Journal: Thursday 21 October 1999
Last night Jenny and I had been invited to dinner at the home of Jennifer, who lives on the West Bank. We had a lovely evening with good food and good conversation and lots of music and laughter. At some point we got onto the subject of camels and how much Jenny would like to ride one. Jennifer’s husband Mandour immediately offered to take us for a camel ride the next day – which I flatly refused, but Jenny excitedly accepted. My recent encounters with riding animals had been less than successful and the thought of being uncomfortably perched high above the ground on a layer of blankets on top of a hump, trotting along dirt tracks or crowded tarmac roads did not appeal. Maybe if this was the only means of transport and I needed to cross a desert, I would think again, but this particular trip I did not consider necessary. So this morning Jenny went off alone for her camel adventure and I had the morning off to wander the streets of Luxor, meeting my friend David at the Amoun restaurant for coffee. This was the first time we’d managed to meet up on this trip so far and I thought he really wasn’t looking very well.
At lunchtime I crossed the river and met Jenny at the Rameses Cafe at Medinet Habu as we had agreed. She enjoyed her camel ride very much and had organised to hire a horse from the stables for later in the week, having reawakened an old passion for riding. We had lunch (lentil soup), chatted with my friend Salah and browsed his bookstall before deciding to spend the afternoon at the Ramesseum.
Walking along the dusty road to Qurna, several tour buses passed going in the other direction towards the bridge, a good sign that the temple would be fairly quiet. As usual around the Ramesseum area, there were many small ragged children selling little handmade peg-dolls and Jenny bought a couple just to get them off our backs. They kept surrounding us in groups of four or five, tugging and pulling at our clothes and stepping in front of us so that we couldn’t move, asking for ‘Bon-bon’ (sweets) and ‘stylo’ (pens) or baksheesh, constantly calling out their predictable mantra of ‘What’s your name?’. These children are enterprising, well-meaning and obviously in need of our cash, but they are very persistent and can become tiresome and I have long ago given up trying to have a reasonable conversation with them. After Jenny bought the little dolls, she must have been spotted from the village because a dozen or more older children were suddenly running down the hill towards us. Luckily we had arrived at the temple and we hurried through the gate into safety. Tourist police sat dozing in a shelter at the entrance. In their badly-fitting white uniforms held together with black leather belts and crossed straps and holding mean-looking machine guns, they woke up long enough to chase away the children and all became peaceful again.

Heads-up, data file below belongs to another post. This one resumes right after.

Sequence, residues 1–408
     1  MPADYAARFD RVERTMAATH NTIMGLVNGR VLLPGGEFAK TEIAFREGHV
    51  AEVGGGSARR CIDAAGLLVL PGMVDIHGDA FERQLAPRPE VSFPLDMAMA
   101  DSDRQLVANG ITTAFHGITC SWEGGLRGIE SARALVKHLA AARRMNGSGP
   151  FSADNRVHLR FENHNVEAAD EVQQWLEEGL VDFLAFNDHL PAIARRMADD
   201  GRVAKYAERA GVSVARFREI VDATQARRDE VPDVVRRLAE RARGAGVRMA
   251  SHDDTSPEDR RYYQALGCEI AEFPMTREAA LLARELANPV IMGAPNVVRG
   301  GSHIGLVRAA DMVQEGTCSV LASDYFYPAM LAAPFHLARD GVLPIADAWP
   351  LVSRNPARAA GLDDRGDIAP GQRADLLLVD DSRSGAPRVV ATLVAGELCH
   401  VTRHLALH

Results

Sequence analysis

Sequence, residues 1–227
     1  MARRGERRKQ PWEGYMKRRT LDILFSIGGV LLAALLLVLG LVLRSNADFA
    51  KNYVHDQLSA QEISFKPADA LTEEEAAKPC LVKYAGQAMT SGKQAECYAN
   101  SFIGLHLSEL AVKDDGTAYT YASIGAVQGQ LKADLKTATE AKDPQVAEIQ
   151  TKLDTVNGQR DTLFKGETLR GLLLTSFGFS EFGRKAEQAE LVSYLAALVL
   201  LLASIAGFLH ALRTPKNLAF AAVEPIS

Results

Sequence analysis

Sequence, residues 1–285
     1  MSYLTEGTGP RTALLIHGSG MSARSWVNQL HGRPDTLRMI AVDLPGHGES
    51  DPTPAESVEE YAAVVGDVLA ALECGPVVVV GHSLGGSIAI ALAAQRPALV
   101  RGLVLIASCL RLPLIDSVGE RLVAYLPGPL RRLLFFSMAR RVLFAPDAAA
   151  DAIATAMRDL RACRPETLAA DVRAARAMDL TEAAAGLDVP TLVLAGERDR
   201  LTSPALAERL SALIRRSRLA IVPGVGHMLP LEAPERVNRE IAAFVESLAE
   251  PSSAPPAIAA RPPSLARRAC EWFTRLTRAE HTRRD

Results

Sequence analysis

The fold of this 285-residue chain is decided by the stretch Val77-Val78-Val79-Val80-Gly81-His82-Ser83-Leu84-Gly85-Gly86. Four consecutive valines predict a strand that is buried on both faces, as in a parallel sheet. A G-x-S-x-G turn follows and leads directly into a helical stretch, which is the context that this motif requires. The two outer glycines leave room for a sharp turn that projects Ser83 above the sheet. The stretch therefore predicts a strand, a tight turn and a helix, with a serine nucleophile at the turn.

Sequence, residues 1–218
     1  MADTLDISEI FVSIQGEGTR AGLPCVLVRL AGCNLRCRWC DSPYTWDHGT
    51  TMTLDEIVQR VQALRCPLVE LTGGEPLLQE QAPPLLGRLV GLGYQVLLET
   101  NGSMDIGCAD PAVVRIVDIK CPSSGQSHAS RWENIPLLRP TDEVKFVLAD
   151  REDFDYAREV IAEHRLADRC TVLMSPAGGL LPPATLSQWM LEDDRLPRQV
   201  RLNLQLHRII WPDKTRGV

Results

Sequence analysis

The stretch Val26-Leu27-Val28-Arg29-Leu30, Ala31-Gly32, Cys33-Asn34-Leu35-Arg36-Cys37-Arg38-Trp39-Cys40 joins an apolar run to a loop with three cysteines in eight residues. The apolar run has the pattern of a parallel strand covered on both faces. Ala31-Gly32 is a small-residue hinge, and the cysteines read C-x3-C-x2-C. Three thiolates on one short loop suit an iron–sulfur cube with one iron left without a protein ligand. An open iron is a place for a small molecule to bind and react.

Jenny went off to explore the temple while I concentrated on photographing Rameses’ battle reliefs on the Second Pylon and the depictions of barques of various gods in the ‘Astronomical Room’. The light today was just perfect for this. Later, one of the guards I had met last year brought us both a cup of tea and we sat in the shade of the dimly-lit hypostyle hall and chatted with him for half an hour. Afterwards, every time I pointed the lens of my camera at something, the guard was looking over my shoulder and shouting ‘Action!’ just as the shutter clicked. This was quite funny for a while….. !
In the late afternoon Jenny and I went back on the ferry to Luxor and to our hotel. We were staying in the newest and smartest hotel in town, the Sonesta, but had spent very little time there so far. Tonight we decided to splash out and have dinner in the hotel restaurant, which cost a fortune but was very nice. An early night because tomorrow we are off to Aswan.